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Daniel T. Eipper, George S. Young, Steven J. Greybush, Seth Saslo, Todd D. Sikora, and Richard D. Clark

the temperature analyses, this possible source of error is recommended as a topic for further examination. 3. Analysis We begin our analysis with an examination of three hypotheses for the inland penetration of LLAP bands and then move on to the development of regression models for InPen. a. Examination of hypotheses for InPen 1) Advection-only hypothesis In the absence of any mechanism for enhancing the inland penetration of LLAP bands, a reasonable hypothesis is that InPen will be proportional

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Kirkwood A. Cloud, Brian J. Reich, Christopher M. Rozoff, Stefano Alessandrini, William E. Lewis, and Luca Delle Monache

, Ghosh and Krishnamurti (2018) illustrated the promising use of a generalized regression neural network in deriving a weighted multimodel consensus forecast for intensity. Another promising approach in the realm of postprocessing is to calibrate current forecasts from a NWP or statistical model using past forecasts from the same model along with accompanying historical observational data. Some examples of these types of postprocessing techniques for a deterministic model or a single-model ensemble

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Scott Applequist, Gregory E. Gahrs, Richard L. Pfeffer, and Xu-Feng Niu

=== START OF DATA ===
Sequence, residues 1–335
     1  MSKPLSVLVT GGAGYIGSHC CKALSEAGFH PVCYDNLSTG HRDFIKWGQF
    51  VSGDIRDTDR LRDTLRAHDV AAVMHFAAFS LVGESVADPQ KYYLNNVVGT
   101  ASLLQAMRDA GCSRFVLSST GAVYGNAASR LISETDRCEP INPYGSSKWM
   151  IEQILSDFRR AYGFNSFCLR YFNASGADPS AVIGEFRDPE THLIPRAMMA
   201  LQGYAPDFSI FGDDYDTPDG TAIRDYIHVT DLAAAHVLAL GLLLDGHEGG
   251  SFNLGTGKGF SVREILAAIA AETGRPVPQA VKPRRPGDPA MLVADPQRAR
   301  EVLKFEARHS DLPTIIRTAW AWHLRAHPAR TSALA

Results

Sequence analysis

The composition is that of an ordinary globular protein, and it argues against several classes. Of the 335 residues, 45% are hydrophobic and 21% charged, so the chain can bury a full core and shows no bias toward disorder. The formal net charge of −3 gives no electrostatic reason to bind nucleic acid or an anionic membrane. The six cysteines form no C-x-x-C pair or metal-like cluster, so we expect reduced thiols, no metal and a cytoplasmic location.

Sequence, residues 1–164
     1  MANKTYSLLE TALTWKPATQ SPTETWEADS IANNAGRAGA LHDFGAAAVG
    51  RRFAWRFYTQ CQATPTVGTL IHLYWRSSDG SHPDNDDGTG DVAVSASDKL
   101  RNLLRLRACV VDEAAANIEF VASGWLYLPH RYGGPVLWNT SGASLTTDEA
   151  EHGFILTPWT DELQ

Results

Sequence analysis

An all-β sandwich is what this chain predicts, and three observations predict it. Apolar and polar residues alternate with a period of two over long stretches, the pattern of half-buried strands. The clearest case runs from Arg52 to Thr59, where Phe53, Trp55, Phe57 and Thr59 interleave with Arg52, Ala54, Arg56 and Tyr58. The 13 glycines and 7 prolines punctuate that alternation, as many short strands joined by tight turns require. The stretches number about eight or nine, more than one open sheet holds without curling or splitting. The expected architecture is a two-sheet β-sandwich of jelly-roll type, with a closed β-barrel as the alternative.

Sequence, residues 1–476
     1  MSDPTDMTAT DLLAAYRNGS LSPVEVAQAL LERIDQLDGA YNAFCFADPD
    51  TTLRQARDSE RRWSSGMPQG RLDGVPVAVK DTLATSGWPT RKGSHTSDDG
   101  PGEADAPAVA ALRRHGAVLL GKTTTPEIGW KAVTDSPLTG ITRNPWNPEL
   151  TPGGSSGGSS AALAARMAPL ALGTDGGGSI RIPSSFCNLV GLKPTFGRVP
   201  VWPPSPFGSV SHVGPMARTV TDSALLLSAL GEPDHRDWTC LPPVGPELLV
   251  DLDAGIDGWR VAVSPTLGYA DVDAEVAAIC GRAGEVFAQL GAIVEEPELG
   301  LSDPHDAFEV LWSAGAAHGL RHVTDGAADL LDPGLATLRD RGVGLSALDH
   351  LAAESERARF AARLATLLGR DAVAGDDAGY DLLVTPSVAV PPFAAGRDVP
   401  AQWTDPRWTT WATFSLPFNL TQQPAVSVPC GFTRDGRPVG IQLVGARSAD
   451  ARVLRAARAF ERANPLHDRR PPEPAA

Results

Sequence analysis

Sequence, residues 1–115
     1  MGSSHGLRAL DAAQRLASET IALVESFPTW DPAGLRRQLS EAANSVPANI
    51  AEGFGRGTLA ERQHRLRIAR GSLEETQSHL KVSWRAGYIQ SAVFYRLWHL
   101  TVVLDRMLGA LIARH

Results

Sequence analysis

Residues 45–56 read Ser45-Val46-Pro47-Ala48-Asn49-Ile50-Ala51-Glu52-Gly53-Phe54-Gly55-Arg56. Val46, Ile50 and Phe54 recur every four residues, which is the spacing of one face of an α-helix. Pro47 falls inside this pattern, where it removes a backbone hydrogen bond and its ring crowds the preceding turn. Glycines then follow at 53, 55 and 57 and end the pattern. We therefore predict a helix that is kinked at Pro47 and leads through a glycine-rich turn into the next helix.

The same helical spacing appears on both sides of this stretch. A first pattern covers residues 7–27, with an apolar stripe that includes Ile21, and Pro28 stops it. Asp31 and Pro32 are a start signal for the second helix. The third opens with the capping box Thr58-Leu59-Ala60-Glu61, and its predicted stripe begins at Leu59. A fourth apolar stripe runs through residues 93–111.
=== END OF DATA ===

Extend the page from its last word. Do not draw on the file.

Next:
linear regression, discriminant analysis, logistic regression, neural networks, and a classifier system. Generalized additive modeling (GAM) with a smoothing spline, which is a nonparametric regression model, was also tried, but we abandoned it when we found it to be less skillful than a simpler class of GAM, namely logistic regression. We believe that this is due to overfitting of a higher-order relationship on the training data. The plan of this paper is as follows. Section 2 defines the forecast

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Zied Ben Bouallègue

impact of the interaction terms on the results. Section 2 describes the dataset and the verification strategy. Section 3 formalizes the introduction of interaction terms in the extended logistic regression equation. Section 4 presents an analysis of the regression parameters and verification results. We conclude this paper in section 5 . 2. Dataset and verification a. Dataset Developed at the German weather service [Deutscher Wetterdienst (DWD)], COSMO-DE-EPS is an ensemble prediction system

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John Billet, Mark DeLisi, Brian G. Smith, and Cory Gates

variables left out of the study for operational reasons. This unexplained variance would show up as error. This study did not attempt to quantify the error associated with the sources mentioned. Rather, it depended on the results of verification to determine whether the error was manageable enough and whether the techniques employed were robust enough to render useful equations. 3. Predictive equations a. Multiple regression model development and presentation We used S-plus and Statistics Analysis